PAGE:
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    • #12737
      مدير عام
      لندن، المملكة المتحدة

      Why Beyoncé’s

      “Cowboy Carter” is








      On Friday, March 29th, Beyoncé released her eighth album, “Cowboy Carter,” – the second in a trilogy of albums following 2022’s Renaissance – garnering extensive critical acclaim.


      Nevertheless, Nashville reacted with indifference. Despite accumulating millions of streams that propelled it to the peak of Billboard’s country chart, “Cowboy Carter” received only modest airplay on country radio, a reception largely anticipated by Beyoncé.


      For someone whose birthplace is Texas, Beyoncé naturally considers country music inherent to her cultural heritage. However, in her recent Instagram post, she writes that her latest album was inspired by a past experience of feeling unwelcome within the genre’s community.


      One notable highlight from the country music-influenced album, was a rich rendition of The Beatles‘ timeless classic “Blackbird,” presented with lush harmonies and intricate layering, and stylized on the new album as “Blackbiird“.


      The song’s striking opening not only transitions seamlessly with The Beatles’ enduring melody, but draws strong inspiration from a significant time in the history of the الولايات المتحدة: involving the experience of a group of nine young African American students, known as the Little Rock Nine, who faced racism upon their enrollment in an all-white high school in Arkansas في 1957. While not explicitly enunciated, the implicit parallels between the struggle of these young Black students, and the history of segregation within country music are unmistakably obvious.


      While to the casual ear “Blackbiird” might be interpreted as a song about a small-winged bird visiting a garden, its true essence is deeply rooted in the civil rights movement with themes of female empowerment; themes that hold particular significance for Beyoncé.


      Beyoncé’s rendition of “Blackbiird“, carries an intense resonance, offering a spiritual and meaningful interpretation of the Black experience in the United States, Europe and elsewhere.


      Had Beyoncé desired to produce mainstream country music, she could have easily enlisted the expertise of seasoned, and traditional Nashville producers. However, Cowboy Carter had a different purpose, prompting Beyoncé to assemble her own unique team of collaborators, including producers renowned for their work in other musical fields. According to Beyoncé “This ain’t a Country album. This is a Beyoncé album,” while introducing Cowboy Carter on Instagram.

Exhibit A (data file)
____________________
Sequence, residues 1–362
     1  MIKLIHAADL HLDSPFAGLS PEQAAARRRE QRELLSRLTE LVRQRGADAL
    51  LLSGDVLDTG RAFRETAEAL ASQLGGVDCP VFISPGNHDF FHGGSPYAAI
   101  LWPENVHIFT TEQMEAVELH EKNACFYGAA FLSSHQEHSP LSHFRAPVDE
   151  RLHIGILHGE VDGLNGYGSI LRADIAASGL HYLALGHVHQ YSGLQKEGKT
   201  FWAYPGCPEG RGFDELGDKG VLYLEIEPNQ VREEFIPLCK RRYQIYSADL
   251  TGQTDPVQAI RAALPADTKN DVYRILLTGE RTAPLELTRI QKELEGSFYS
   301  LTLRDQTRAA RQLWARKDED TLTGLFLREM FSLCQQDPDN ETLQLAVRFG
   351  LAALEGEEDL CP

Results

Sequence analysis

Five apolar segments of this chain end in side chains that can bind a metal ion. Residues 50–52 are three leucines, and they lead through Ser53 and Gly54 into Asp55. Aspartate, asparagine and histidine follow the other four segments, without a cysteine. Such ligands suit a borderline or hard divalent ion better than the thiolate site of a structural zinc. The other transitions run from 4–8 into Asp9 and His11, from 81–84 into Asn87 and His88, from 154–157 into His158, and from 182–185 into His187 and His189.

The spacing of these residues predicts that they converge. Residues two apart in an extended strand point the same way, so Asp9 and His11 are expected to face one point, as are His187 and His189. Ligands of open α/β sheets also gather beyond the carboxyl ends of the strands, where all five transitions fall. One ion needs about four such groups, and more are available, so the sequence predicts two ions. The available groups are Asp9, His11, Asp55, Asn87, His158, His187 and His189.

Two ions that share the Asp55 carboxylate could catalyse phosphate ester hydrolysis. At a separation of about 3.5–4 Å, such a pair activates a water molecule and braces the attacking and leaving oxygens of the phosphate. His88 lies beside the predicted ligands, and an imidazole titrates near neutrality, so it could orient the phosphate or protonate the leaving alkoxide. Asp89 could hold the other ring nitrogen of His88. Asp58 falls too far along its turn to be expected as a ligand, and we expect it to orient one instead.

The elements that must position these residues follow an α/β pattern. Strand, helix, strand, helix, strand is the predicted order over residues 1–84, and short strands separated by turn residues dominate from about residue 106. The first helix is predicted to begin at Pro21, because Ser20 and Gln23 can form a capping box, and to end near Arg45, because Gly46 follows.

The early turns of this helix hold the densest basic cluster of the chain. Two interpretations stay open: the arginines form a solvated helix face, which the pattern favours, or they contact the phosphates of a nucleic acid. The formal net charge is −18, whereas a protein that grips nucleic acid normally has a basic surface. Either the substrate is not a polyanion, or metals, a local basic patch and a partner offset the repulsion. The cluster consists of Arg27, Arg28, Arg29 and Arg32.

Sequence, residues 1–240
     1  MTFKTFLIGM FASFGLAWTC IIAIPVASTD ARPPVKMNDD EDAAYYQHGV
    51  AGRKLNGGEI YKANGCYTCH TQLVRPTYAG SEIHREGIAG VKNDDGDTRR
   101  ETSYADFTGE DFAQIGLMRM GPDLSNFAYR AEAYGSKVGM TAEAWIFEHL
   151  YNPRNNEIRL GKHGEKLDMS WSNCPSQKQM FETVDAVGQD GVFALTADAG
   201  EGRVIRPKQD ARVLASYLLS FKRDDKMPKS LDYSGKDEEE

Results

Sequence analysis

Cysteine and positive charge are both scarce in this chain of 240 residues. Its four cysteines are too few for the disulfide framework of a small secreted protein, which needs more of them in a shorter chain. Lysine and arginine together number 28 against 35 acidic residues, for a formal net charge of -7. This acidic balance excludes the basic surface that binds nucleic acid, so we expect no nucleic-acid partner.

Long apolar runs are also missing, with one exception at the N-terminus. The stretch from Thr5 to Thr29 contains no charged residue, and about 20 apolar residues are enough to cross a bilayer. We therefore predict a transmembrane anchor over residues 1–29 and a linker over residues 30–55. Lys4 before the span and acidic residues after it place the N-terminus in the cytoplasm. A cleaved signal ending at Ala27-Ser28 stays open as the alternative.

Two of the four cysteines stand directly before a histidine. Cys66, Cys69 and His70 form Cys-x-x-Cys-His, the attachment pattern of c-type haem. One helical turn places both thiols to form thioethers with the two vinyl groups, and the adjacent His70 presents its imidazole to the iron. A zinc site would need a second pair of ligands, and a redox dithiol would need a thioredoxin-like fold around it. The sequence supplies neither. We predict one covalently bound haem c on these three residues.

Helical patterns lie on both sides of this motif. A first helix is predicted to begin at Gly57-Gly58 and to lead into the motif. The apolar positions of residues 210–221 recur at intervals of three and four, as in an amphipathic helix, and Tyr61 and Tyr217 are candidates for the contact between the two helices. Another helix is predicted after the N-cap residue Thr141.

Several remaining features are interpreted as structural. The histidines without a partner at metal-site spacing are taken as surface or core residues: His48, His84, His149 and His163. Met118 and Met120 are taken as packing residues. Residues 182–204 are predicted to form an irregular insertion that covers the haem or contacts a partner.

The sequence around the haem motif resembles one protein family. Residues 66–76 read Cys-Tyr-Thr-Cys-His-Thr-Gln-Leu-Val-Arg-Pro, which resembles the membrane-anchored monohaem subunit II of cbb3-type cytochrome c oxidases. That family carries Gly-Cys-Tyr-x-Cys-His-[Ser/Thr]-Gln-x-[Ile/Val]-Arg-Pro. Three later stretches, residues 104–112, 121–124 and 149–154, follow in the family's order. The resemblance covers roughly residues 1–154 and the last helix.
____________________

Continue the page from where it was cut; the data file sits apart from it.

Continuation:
The politics of her latest songs are unmistakable, putting established categories under the microscope, and boldly questioning stereotypes, while prompting reflections on the hidden Black origins of country music, and historical connections with the blues.


      The Importance of Protest Songs And How They Impact Change:


      Throughout history, music have been galvanized as an important resource for resisting authoritarian ideologies and regimes; and music, art and literature continue to serve as platforms for social change and political expression.


      Frequently, artists have harnessed their creative talents to convey messages to a broader audience, aiming not only to amplify an egregious issue, but also to induce debate and shape cultural norms.


      From جيمي هندريكس, to Martin Luther King Jr’s “freedom songs”, popular music, such as, Bob Dylan’s - The Times They Are A-Changin’ (1964); Bob Marley’s – Get Up Stand Up (1973); Public Enemy’s – Fight The power! (1989) have formed key components of rights movements, altering public opinion – spanning from global concerns to topics such as police brutality and politics.


      Through the power of poignant lyrics, musicians have articulated and humanized complex social issues, shedding light on systemic injustices, holding those in power accountable, and giving voice to the voiceless. Protest songs amplify the concerns of oppressed groups and challenge the prevailing narratives perpetuated by the mainstream media and political establishments.


      By narrating personal stories of struggle and resilience, protest songs create emotional connections that transcend cultural, racial, and socioeconomic divides. In doing so, they compel listeners to confront uncomfortable truths and confront their own biases, ultimately fostering greater understanding and solidarity.